Ride Safe was a for-profit program supplying helmets at very low cost for helmet promotion campaigns. Though they are out of business now, they have given us permission to post the fine series of instructions they had developed for running a bike rodeo.
(Formerly the Lexington Bicycle Safety Program) This now-defunct non-profit organized bicycle safety events, coordinated media campaigns promoting bicycle safety throughout Massachusetts, and produced a
variety of educational materials for national distribution. Among their more interesting products were kits for school assemblies. They also had lesson packages, a helmet for eggs for drop demos and videos. When we last heard from founder Olga Guttag in 2005, she was looking for someone to take over the program. You can contact her by sending email to firstname.lastname@example.org or write to Ride and Roll, 273 Emerson Road, Lexington, MA 02173, USA.
Ride and Roll Safely, Inc.
DOT's National Highway Traffic Safety Administration has a Web server up with materials for
teaching kids to ride safely, including a bike safety Web page. It links to pamphlets and materials available for campaigns, and classroom materials for teachers.
This a New Jersey helmet campaign funded by the state and put together by The Brain Injury Association of New Jersey. It is targeted to both children and adults, and includes radio and TV spots, a survey on helmet use, a coloring page, a place to report your crash story and lots more.
Safe Moves is a program based in Los Angeles. Here is a good program description.
Stanford University's program for bicycle safety.
California has a great injury prevention program.
This very useful page features the author's observations of the ten worst situations for cyclists getting hit by cars, and his suggestions for how to handle them. Includes clear illustrations of the bad situations.
David Scott is a teacher at Jiangnan University in Wuxi. He has launched a local helmet initiative, beginning with his students. He is working on getting some statistics and information together about helmets and head injuries in China. He has produced this well-done video to promote helmets there.
Stakki Stikka is an Australian program using unique helmet stickers.
This blog is the center for a helmet campaign built around the slogan "You'd look hotter in a helmet" with the mission statement: "To erase the stigma that wearing a helmet is dorky or uncool and to encourage the idea that wearing a helmet is attractive, cool and smart." Tee shirts, stickers and buttons are avaiable. Their international stickers drop the unfortunate "hotter" and just make it sexier in a helmet, probably a better choice of words.
This site promotes the use of helmets in cars, particularly for children. We have no idea of what the effect of that would be, but the idea is interesting. It might be inspired by frustration with our inability to deal with the huge number of deaths on our highways.
Home of the famous Thompson, Rivara and Thompson studies on helmet effectiveness. Summarizes
major studies of helmet effectiveness, with estimates of the protection helmets offer and more. Don't miss their page on helmet effectiveness, which charts the findings of a number of studies. Equally useful is their page on the effectiveness of helmet education interventions.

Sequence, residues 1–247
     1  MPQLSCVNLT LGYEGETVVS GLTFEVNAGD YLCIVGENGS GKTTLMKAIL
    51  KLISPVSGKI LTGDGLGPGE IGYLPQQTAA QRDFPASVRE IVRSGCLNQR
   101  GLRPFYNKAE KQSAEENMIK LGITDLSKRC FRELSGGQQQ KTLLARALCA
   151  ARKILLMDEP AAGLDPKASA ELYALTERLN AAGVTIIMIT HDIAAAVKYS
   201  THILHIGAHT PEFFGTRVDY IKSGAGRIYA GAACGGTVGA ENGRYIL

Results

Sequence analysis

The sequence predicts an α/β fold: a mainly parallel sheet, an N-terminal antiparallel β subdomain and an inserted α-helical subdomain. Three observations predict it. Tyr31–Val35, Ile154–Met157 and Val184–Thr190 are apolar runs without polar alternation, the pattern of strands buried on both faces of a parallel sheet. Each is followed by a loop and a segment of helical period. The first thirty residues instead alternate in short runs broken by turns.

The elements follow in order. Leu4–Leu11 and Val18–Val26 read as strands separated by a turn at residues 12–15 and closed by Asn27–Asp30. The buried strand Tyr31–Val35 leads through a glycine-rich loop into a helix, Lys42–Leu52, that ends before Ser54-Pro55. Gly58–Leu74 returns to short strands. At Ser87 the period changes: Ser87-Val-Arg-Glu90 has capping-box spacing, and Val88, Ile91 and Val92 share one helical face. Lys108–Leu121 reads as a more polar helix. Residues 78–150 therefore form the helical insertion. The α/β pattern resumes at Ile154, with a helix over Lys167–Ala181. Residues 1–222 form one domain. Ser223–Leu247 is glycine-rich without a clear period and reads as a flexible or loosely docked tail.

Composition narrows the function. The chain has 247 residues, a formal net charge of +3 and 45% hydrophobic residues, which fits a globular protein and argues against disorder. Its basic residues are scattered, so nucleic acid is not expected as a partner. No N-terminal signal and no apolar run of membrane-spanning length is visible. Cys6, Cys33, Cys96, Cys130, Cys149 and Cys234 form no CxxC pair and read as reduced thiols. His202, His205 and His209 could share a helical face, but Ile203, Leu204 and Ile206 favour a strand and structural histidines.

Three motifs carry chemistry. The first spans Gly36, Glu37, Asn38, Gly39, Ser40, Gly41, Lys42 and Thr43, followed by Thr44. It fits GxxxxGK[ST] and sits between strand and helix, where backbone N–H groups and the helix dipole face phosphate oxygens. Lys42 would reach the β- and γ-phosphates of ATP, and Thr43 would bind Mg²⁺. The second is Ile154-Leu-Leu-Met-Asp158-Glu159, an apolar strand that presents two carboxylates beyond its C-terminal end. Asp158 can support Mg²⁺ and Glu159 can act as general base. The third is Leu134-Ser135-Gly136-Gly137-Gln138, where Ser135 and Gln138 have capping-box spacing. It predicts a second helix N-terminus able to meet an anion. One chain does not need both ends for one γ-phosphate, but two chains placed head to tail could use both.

3. Injury Prevention Sites
The Kiwanis theme is "Family Safety Day." The site has useful resources for bike safety promoters, including info on how to run a rodeo and a PowerPoint Presentation that is a great source of ideas or maybe just something you will want to use as is! Worth a look.
A national campaign to address all of the problems that discourage bicycling in the US. The Steering Committee is the National Bicycle Safety Network, a committee that meets periodically in Washington, DC, to coordinate bicycle safety promotion activities among members. The Strategies are sponsored primarily by NHTSA and by the members of the Network, including BHSI. If you wonder why you have never heard of it, the NBSN has been somewhat less than dynamic in pushing the program.
This project of the University of North Carolina is funded by the US Department of Transportation. It provides resources primarily to officials who serve as bicycle planners in localities all over the US, but the Web site has injury prevention info, research data, statistics and other resources available for all.
This Web site has access to many CDC documents on injury prevention, including helmets. For helmets the most interesting document is their Injury-Control Recommendations: Bicycle Helmets. (Also available in .pdf format.) We have one page of the Recommendations in our page on bicycle helmet laws, a compilation of evaluations done on helmet law effectiveness. CDC also has an interesting page on head injury and concussion. Since their resources move, we sometime use this search link.
This is a link to a 2003 study by P. L. Jacobsen titled "Safety in numbers: more walkers and bicyclists, safer walking and bicycling." The author examined statistics for many countries and found that the more cyclists and pedestrians there are on the streets, the safer they all are. And an article in Berkeley Traffic Safety Center newsletter in 2004 discussed their own study showing that pedestrians are safer, and the Jacobsen study as well. Riding in a place like the Netherlands or another location where there is lots of bike traffic will tell you that the thesis is correct, and these studies attempted to document it. Those who oppose helmet laws contend that the laws reduce cycling, thereby increasing the risk to each cyclist left on the streets. There is no evidence of that in the US.